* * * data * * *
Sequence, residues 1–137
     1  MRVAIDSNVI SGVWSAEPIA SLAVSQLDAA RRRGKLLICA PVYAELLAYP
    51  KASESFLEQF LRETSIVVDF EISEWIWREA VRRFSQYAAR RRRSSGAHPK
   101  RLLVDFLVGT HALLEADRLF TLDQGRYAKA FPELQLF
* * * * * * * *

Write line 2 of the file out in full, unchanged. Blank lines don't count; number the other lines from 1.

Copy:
     1  MRVAIDSNVI SGVWSAEPIA SLAVSQLDAA RRRGKLLICA PVYAELLAYP